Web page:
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Originally published July 25, 2013 at 3:05 PM | Page modified July 25, 2013 at 3:30 PM

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‘Computer Chess’ needs more entertaining moves

A movie review of “Computer Chess,” set during a weekend tournament for chess-software programmers. Not much happens, but some of the 1982 details are a kick.

Seattle Times movie critic

Movie Review 2.5 stars

‘Computer Chess,’ with Patrick Riester, Wiley Wiggins, Myles Paige, Robin Schwartz, Gerald Peary, Gordon Kindlmann. Written and directed by Andrew Bujalski. 92 minutes. Not rated; for mature audiences. Varsity.

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Watching Andrew Bujalski’s “Computer Chess” is like wandering back in time, complete with the accompanying disorientation. It’s set during a weekend tournament for chess-software programmers in 1982, at an anonymous-looking convention hotel, and is filmed with appropriately vintage black-and-white video; the effect is that the actors seem to be floating through a grayish fog. The audience is stuck there as well, at least for a while: “Computer Chess” is filmed as if a camera just happened to show up at the tournament, idly following random story lines.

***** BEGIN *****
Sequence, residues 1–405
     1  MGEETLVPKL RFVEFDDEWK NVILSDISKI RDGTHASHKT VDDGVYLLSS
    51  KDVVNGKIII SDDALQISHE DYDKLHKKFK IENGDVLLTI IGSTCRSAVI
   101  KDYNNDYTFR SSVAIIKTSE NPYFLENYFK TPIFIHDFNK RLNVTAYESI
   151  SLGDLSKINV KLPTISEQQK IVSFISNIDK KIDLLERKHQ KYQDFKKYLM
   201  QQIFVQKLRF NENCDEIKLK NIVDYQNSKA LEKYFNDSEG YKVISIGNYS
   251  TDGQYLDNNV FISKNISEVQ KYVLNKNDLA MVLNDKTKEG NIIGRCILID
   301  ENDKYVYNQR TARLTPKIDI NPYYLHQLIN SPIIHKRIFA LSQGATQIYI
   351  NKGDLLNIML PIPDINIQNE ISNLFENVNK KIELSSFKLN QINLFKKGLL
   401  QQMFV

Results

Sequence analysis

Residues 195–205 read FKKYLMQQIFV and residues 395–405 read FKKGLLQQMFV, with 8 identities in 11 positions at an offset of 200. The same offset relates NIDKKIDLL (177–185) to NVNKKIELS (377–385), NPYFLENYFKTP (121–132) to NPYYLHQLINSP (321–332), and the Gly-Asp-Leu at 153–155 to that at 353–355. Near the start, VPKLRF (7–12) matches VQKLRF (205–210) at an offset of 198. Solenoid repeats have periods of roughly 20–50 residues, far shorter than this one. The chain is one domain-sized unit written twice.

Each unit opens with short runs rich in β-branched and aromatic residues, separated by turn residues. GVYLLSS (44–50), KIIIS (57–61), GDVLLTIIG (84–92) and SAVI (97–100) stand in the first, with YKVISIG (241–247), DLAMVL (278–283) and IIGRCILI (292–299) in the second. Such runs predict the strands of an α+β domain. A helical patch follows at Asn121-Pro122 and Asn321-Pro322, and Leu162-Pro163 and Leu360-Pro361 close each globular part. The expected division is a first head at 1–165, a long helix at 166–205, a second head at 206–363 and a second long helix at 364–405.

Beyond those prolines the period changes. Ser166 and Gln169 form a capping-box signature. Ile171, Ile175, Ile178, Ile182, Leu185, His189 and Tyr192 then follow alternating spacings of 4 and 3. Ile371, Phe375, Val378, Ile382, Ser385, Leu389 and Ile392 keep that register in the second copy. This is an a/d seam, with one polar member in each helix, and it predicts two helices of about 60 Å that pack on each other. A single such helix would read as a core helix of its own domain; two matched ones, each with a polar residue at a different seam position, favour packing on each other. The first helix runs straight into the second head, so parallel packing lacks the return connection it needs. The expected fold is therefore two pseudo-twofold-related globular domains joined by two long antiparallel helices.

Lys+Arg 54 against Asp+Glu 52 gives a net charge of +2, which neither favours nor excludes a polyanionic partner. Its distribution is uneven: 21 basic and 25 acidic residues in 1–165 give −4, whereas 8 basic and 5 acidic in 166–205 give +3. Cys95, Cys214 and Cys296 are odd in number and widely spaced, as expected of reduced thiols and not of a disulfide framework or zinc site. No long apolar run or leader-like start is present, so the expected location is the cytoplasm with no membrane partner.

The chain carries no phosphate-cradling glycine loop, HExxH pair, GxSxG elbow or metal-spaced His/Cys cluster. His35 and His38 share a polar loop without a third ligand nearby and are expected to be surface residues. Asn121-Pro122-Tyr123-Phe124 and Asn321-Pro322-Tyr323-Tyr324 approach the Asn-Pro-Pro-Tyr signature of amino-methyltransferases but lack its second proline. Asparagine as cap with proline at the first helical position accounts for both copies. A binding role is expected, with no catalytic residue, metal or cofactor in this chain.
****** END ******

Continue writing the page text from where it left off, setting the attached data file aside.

Not much happens during the film’s brief running time: We watch large computers and their scruffy, vintage-spectacled programmers challenge each other; follow a man trying to scam someone else’s room for the night; peer in on a leftover-from-the-’70s encounter group that’s also booked the hotel for the weekend; listen as the tournament’s announcer tries to gracefully acknowledge the rare presence of a woman programmer. (“This is the team that’s got a lady on it.”)

The 1982 details are a kick, particularly the assortment of beards (some seemingly influenced by Middle-earth) and glasses, as are the attitudes toward the very idea of a computer being smart. At one point, someone discusses how computers might be used for dating, causing someone else to wonder how that might work — “The computers will start dating each other?” But Bujalski doesn’t give us enough in the way of story or characters, and “Computer Chess” eventually seems to just fade away; one of those movies, perhaps, that was more fun to make than it is to watch.

Moira Macdonald: 206-464-2725 or

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